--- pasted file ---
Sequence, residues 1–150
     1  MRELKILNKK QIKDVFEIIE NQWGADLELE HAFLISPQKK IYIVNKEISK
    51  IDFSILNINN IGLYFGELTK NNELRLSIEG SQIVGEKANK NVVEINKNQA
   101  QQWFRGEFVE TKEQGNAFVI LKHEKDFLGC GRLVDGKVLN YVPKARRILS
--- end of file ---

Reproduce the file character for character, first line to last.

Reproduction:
Sequence, residues 1–150
     1  MRELKILNKK QIKDVFEIIE NQWGADLELE HAFLISPQKK IYIVNKEISK
    51  IDFSILNINN IGLYFGELTK NNELRLSIEG SQIVGEKANK NVVEINKNQA
   101  QQWFRGEFVE TKEQGNAFVI LKHEKDFLGC GRLVDGKVLN YVPKARRILS